One of the supposed advantages of centrifugal pumps when compared to positive displacement pumps is their ability to operate across a wide flow range.
In my June column on pump and motor testing, I said that three-phase voltage variation and unbalance can have a significant effect on motor insulation life. Voltage variation is defined as the difference between the motor nameplate voltage and the incoming source voltage.
In last month’s column (Pumps & Systems, May 2014), the drawdown analysis portion of the pump and motor field test spreadsheet was reviewed.
All pumps should be tested regularly, but wastewater pumps are at the top of the list because they are especially susceptible to changing system conditions.
The global water crisis claims 5,500 lives each day—more than war, natural disasters, AIDS or hunger. It is a sobering problem but not an impossible one to solve.
Centrifugal pumps have many advantages compared with positive displacement pumps. They have the ability to run all over the curve. Open the valve to increase the flow, and close it to decrease the flow. This seems convenient and simple.
The legendary innovator was responsible for the design of more than 40 patented products during his seven-decade career.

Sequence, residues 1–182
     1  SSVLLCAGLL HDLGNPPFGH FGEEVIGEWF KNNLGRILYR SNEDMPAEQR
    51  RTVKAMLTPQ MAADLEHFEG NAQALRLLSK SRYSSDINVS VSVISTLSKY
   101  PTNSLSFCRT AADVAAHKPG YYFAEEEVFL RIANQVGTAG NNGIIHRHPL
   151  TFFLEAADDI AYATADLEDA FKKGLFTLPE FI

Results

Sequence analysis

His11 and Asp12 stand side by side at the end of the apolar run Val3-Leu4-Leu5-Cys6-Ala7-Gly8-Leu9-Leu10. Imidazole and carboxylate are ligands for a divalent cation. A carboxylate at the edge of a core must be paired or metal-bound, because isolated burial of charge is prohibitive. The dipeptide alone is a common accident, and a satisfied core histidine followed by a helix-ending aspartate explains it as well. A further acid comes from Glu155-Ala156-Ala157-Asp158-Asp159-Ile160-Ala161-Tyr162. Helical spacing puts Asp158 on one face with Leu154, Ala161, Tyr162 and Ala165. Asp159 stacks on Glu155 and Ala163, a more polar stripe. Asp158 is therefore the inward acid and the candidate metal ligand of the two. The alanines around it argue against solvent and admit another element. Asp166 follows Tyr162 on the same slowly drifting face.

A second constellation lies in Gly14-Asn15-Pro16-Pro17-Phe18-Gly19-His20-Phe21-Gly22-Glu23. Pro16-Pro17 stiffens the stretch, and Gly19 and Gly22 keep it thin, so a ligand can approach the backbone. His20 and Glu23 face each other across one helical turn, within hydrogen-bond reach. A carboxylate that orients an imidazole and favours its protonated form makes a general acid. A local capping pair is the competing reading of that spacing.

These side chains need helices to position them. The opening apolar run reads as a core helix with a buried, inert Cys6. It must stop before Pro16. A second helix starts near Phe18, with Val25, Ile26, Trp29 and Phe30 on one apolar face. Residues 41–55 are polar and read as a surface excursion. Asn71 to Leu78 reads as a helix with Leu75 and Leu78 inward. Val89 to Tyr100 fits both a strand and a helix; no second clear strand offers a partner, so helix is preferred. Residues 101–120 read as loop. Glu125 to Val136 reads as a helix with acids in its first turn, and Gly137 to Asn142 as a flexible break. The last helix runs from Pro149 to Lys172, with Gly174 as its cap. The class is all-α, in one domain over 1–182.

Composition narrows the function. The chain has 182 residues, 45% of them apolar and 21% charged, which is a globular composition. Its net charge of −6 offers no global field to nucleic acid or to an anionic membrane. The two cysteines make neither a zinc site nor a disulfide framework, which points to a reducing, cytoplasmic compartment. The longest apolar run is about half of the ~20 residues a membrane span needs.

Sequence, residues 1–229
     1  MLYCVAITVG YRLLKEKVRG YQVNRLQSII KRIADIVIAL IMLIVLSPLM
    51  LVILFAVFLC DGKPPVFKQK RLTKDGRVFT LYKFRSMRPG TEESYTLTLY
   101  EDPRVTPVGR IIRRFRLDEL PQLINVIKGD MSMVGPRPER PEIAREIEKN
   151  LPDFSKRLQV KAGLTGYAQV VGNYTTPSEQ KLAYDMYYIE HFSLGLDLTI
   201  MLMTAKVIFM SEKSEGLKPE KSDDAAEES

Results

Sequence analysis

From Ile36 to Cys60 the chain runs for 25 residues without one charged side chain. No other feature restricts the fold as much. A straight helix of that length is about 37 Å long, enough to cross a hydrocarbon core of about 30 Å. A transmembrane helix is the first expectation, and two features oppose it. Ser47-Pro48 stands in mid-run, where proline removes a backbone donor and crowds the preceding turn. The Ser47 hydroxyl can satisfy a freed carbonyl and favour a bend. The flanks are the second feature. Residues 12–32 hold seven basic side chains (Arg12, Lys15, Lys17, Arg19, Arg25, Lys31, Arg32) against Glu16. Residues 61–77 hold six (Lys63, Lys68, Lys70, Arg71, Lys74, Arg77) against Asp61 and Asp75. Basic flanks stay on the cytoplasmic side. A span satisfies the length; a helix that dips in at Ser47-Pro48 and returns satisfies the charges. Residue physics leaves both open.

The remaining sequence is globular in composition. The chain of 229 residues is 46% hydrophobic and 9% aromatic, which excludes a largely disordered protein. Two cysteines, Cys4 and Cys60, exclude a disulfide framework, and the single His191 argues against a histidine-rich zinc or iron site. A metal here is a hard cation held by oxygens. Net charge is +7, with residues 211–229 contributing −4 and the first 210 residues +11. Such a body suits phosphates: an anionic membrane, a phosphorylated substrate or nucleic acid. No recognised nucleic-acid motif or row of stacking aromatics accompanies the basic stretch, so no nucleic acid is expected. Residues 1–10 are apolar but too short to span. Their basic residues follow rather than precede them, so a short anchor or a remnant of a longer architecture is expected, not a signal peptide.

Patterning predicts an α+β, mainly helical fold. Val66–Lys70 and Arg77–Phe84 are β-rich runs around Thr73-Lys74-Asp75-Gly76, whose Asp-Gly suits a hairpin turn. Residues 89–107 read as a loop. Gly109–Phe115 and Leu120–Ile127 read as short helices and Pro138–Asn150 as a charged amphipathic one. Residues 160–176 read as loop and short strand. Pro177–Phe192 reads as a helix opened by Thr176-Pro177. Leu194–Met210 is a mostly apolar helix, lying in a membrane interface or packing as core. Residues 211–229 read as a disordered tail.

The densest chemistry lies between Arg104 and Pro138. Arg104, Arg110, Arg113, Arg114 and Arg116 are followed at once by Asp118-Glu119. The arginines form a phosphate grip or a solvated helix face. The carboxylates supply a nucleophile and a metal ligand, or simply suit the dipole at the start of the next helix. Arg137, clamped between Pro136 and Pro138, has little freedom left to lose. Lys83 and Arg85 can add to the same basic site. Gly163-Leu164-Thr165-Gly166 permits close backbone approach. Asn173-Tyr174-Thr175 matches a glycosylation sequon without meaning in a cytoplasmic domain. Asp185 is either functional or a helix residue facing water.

Today’s federal requirements dictate the minimum efficiency of an electric motor, but they do not have any impact on the efficiency of a centrifugal pump.
As any austenitic stainless steel would be, 316 stainless steel is very soft. So how does this stainless steel offer strong protection against cavitation? If it is soft, will the imploding bubbles erode the material?
Pumps account for 10 percent of the world’s total electricity consumption.
Recently, I received a call from a plant operator in Ohio. He said, “We have a big contract from a customer to supply multiple oil heating systems and have just completed the first unit. It is ready to ship.
One big industry focus in 2014 will be training and education. Expect Pumps & Systems to be heavily involved.
KAMP-LINTFORT, Germany (June 7, 2013) – Almatec was founded in 1984 by Dirk Budde, an industrial engineer who was working for another pump company when he decided to branch out and create his own pneumatic-pump product line.
This article was written in response to the following question from a reader:
In my opinion, the system curve is the single most important component of the pump selection process. After all, the system curve determines the operating point on a pump’s performance curve.